Sunset screenings of summer movies at the base of the toboggan hill at Chestnut Ridge Park.
A wine-and-cheese reception celebrating the restoration of murals at the park’s old casino lodge.
Interviews underway for an executive director to raise money and overhaul the park’s hidden treasures.
Chestnut Ridge, one of Erie County’s oldest and most beloved parks, is on the verge of a renaissance.
The 5-year-old Chestnut Ridge Park Conservancy is aiming high: Its $2.5 million wish list of a dozen projects for the 1,231-acre park includes fixing the dilapidated “100” stone steps into a ravine, installing a telescope and adding soccer fields and volleyball courts to the lawns around an overgrown baseball diamond.
“The park can be a draw, a magnet for commerce,” said Ron Michnik, a retired mortgage broker and founding conservancy trustee.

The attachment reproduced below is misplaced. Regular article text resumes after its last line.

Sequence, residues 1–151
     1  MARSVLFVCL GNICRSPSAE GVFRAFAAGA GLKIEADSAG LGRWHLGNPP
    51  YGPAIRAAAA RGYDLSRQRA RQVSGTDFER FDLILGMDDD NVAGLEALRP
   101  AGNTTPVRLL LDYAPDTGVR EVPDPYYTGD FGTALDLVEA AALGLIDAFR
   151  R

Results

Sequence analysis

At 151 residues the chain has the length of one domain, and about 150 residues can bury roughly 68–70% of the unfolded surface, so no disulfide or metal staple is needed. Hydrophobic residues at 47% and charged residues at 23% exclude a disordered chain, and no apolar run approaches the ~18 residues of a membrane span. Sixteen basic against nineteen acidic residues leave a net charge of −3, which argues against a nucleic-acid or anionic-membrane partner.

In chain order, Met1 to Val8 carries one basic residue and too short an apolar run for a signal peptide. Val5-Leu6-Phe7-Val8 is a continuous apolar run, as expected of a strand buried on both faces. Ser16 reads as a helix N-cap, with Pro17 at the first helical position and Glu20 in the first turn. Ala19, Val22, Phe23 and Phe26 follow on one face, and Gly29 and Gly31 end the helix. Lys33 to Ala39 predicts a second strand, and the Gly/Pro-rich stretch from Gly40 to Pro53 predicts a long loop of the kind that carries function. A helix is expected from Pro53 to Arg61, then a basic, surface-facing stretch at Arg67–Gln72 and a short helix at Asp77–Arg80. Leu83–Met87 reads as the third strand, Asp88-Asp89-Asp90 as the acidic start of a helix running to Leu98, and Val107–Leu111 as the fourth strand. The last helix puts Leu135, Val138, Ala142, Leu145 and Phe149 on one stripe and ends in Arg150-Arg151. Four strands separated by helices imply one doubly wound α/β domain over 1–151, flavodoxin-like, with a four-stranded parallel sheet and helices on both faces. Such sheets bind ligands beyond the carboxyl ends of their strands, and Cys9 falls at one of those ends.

Members of the nonprofit conservancy say their own park-infused childhoods and the economic development potential motivate them to raise money, fix and revive the beloved 89-year-old park.
Some features, like the steps and a stone bridge over a creek in the ravine, need fixing.
Modern twists, like a trail map that works as a smartphone app, would help people get more out of the park, Michnik said.
“It’s one of those forgotten jewels,” he said. “It’s the next generation that’s got to find the park again.”
Chestnut Ridge attracted 1.3 million people during one year of the Depression, a “golden age” of park building. These days the park gets about 250,000 visits a year, he estimates.
They come for trails, tobogganing down the metal ramps on the hill, fishing, the waterfall that falls over an “eternal flame” gas fissure, panoramic views of Lake Erie, and Buffalo fading into the blue-green horizon like a watercolor landscape.
Michnik calls the list of a dozen projects “our dreams.”